The second half of the book details the struggles, ups and downs and near financial disasters involved in the setting up of Monkey World which is now internationally famous and attracts some three quarters of a million visitors a year.
The point of this book is that you can find happiness and redemption out of the most appalling and difficult childhood and conditions and the reader has to admire Jeremy's determination and his fight for his beloved monkeys, his ups and downs, his endless visits to hospital with bites, broken bones, dislocated back etc etc which he seems to take in his stride and his sheer bloody mindedness and never say die attitude. And of course, there is a reason why he is unable to form long lasting human relationships, a secret he has kept nearly all his life but which we are made privy to near the end of the book. It is all revealed in a very matter of fact way and I, personally, was pleased that this was not used as an excuse for a 'misery memoir'. Instead, we have a heart warming book and while I am pretty certain that Jeremy would probably be a pain in the neck to live with, being totally focused and obsessive, we need people like him in this world who are dedicated to a cause and see it through.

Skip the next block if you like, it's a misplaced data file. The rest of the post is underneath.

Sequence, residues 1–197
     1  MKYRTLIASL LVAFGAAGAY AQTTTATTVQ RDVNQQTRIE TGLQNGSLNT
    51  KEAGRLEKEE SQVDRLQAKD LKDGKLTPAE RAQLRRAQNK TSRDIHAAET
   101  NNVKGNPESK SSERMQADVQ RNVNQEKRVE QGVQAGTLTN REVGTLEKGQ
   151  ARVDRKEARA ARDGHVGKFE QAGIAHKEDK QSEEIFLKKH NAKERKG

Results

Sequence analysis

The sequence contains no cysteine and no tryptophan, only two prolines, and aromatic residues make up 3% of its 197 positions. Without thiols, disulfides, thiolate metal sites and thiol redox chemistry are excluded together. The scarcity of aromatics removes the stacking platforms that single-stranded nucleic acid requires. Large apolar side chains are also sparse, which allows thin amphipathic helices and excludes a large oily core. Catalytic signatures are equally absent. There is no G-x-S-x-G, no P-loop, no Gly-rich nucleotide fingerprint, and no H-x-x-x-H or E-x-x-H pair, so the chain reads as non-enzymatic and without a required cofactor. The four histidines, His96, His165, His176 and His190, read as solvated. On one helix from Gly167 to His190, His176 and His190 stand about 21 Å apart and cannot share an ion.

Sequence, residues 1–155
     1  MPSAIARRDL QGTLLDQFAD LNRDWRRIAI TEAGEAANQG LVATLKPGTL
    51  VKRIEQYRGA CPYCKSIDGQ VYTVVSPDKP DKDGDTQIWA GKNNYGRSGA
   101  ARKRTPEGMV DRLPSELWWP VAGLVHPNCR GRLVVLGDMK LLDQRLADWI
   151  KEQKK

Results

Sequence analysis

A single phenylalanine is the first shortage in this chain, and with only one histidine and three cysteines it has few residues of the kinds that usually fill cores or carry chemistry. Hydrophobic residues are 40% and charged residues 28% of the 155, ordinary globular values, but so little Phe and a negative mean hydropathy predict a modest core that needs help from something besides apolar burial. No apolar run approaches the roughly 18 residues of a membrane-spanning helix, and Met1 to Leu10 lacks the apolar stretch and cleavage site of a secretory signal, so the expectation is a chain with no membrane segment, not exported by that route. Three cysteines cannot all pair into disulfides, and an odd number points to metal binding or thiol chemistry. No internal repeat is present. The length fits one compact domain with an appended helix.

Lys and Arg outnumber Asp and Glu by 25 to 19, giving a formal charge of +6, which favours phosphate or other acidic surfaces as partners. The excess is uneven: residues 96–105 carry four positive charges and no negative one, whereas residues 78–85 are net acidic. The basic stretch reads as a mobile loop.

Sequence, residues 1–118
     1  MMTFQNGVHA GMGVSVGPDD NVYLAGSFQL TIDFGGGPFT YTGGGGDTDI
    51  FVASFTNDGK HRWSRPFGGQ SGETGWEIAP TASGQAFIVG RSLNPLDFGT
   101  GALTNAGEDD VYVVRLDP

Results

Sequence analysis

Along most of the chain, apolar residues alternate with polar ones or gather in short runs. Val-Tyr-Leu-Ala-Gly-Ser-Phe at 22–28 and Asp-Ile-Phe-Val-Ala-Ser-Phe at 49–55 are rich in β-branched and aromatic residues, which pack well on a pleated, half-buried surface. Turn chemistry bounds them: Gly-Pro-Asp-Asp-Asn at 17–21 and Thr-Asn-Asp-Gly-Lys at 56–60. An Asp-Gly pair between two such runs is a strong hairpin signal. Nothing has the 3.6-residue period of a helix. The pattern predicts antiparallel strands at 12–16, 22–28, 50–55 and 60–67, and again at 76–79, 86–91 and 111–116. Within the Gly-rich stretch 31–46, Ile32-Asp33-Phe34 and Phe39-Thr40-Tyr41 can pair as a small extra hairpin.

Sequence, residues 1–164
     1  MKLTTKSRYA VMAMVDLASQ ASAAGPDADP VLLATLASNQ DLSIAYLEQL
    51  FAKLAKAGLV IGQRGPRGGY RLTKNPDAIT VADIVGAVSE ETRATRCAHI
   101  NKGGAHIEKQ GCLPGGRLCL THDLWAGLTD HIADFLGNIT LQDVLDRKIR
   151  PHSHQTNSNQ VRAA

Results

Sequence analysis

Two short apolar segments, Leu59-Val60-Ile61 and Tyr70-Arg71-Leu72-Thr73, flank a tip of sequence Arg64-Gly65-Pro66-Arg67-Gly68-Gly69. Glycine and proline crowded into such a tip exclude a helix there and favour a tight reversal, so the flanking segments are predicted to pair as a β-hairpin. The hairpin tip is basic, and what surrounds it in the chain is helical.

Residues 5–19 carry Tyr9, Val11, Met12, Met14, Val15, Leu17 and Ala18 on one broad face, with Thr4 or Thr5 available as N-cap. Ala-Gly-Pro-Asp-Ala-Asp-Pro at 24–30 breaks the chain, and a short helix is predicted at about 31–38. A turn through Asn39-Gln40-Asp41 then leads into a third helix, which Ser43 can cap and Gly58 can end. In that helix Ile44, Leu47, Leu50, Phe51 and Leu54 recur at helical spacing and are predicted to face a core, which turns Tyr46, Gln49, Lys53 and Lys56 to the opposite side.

And Amy? She is enormous fun. She sulks, she ignores Jeremy when he does something she dislikes; she is furious at being turfed out of her comfortable billet where she had been raised by him after her mother rejected her, and being put into an animal enclosure; refuses to climb a tree and when she does, gets stuck and he has to fetch her down; she is sheer delight and comes into her own when Jeremy is involved in a serious car crash when he fell asleep at the wheel of his car with Amy in the passenger seat. The first policeman on the scene crawled into the upturned car and finds an unconscious Jeremy with his head being cradled by Amy who refused to let him go.
One of the reasons I normally avoid books like this is because they make me cry. I was traumatised when reading Lassie Come Home as a child, reading Charlotte's Web to my daughters when young reduced me to tears, a couple of years ago I read Marley and Me and was awash at the end, so fully expected to be reduced to a puddle by the end of this one.
But I wasn't. And this was because Jeremy, while loving his animals and, yes shedding tears when they died, is pragmatic about it. He knows that if you are going to run a zoo or set up a monkey sanctuary this is going to happen and he deals with it in a straightforward way so the reader does as well. Instead we concentrate on the lives of those monkeys he saved from all over the world who now are well looked after and free from pain and cruelty.
Delighted to find that my doubts about my enjoyment of Jeremy and Amy were proved wrong. Do read.